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Tobii Eye Tracker 4C hands-on: Mousing with your eyes has surprising potential for gaming

Mark Hachman | Dec. 20, 2016
Eye tracking is a luxury not everyone needs, but when it works, it works.

Tobii’s latest eye-tracking peripheral, the Eye Tracker 4C, refocuses itself on gaming while cutting out some of the cruft that limited its predecessor. Its basic constraints, however, haven’t measurably changed.

Eye tracking sounds magical: The small, USB-powered 4C “eye mouse” sensor mounts to your monitor, watches your eyes, and “teleports” your cursor to where you’re looking. Available for $149 via the Tobii Web site (with a mandatory $25 shipping fee) the 4C is priced at $10 more than its predecessor, the EyeX. The 4C began shipping on December 2.

It’s a hefty price for a peripheral that essentially supplements your mouse for work and play, though Tobii continues to add features to justify the price tag. While the EyeX added facial login via Windows Hello, a feature that carries over into the 4C, one of its flagship innovations is a new “head tracking” feature, though currently available in just a single game. Tobii’s 4C also now offloads all of its requisite computing power into a dedicated EyeChip ASIC housed within the 4C itself.

Both the EyeX and 4C only work with a single monitor, however, and neither offers the absolute precision you might hope for. 

Tobii Eye Tracker 4C

Although you can mount the 4C to a notebook, it’s probably best to attach it to a desktop monitor.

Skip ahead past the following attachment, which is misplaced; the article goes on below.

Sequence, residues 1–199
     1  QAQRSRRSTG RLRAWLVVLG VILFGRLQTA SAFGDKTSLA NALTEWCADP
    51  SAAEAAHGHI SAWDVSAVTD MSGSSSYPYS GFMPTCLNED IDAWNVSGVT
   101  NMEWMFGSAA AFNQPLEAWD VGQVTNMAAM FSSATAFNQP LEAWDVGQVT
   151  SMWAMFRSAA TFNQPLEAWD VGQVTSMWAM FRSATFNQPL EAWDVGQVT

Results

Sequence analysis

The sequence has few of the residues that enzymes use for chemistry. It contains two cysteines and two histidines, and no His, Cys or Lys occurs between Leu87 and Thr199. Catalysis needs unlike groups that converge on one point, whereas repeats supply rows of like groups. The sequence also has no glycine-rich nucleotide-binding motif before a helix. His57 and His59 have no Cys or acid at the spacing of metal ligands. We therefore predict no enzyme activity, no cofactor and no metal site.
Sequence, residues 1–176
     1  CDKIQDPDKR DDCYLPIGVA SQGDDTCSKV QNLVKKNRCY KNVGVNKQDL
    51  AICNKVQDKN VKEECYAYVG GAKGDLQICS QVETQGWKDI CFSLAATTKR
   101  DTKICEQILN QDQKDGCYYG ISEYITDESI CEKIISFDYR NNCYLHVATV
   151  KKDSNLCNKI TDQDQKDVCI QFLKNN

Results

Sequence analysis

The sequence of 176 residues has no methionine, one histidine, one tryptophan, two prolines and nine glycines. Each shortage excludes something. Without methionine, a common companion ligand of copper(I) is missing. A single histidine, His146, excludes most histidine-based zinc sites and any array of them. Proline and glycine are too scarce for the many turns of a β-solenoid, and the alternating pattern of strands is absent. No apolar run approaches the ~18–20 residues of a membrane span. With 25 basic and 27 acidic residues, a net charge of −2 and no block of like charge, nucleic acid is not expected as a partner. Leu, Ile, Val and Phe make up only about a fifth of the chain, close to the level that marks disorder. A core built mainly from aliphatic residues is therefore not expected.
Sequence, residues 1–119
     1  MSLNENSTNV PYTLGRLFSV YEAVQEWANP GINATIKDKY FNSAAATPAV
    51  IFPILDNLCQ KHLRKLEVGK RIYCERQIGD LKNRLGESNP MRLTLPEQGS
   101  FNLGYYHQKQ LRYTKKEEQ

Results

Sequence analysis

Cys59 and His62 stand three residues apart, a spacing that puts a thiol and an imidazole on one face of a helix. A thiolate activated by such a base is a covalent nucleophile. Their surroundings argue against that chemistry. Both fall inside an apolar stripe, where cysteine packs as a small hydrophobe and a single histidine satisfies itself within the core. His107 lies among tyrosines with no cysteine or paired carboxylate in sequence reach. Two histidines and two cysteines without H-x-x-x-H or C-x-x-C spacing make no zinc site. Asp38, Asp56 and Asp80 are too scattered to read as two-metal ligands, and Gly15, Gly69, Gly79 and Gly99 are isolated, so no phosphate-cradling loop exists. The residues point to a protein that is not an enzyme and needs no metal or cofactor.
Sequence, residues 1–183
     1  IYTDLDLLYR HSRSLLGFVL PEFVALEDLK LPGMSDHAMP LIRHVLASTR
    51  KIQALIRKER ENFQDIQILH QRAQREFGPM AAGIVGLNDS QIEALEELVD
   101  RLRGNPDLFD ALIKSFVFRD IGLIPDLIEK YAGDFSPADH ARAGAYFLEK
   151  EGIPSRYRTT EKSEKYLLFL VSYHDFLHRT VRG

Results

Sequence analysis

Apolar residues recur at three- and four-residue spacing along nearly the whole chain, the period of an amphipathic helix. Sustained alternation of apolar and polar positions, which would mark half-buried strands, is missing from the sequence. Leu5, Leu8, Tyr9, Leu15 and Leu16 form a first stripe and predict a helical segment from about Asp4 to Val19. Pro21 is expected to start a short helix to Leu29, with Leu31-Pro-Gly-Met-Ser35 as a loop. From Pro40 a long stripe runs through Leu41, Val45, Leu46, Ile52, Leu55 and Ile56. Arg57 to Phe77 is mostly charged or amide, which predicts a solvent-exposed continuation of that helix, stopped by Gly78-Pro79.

Tobii’s 4C is still just slightly better than a mouse

Be sure you’re committed to the 4C before you install it. Like the EyeX, the sensor bar magnetically attaches to a small, flat mount that essentially glues itself to your monitor or screen. (The 13.2 x 0.66 x 0.6-inch thick sensor bar fit neatly within the bezel of my circa-2008 Dell 2408WFP monitor, but you may be out of luck with a more modern, bezel-less monitor.) A 31-inch-long USB cord snakes between the sensor bar and your computer.

The other improvement the 4C offers is that Tobii has noticeably decreased the luminance of the sensor bar’s integrated LEDs, which track your gaze by flashing 90 times a second. At worst, I had the sense of staring into the embers of a dying fireplace.

Tobii Eye Tracker 4C 

I actually used the EyeX’s mount to secure the Eye Tracker 4C. It worked fine.

Also, don’t even think about buying the 4C if you own a Mac or run Linux, as Tobii’s drivers (contained within a 223MB software download) only support Windows 7, 8.1, and the 64-bit version of Windows 10. 

Tobii has pared down its software, too—not always for the best. If you didn’t already know the 4C allowed you to log in via Windows Hello, neither the software nor even the enigmatic box actually reveal that you can. (To do so, enter the Windows 10 Settings “face login” menu. The 4C’s “installation instructions” don’t do much beside demonstrate how to mount the magnetic mount, then direct you to the Tobii website to download the software package.) 

 

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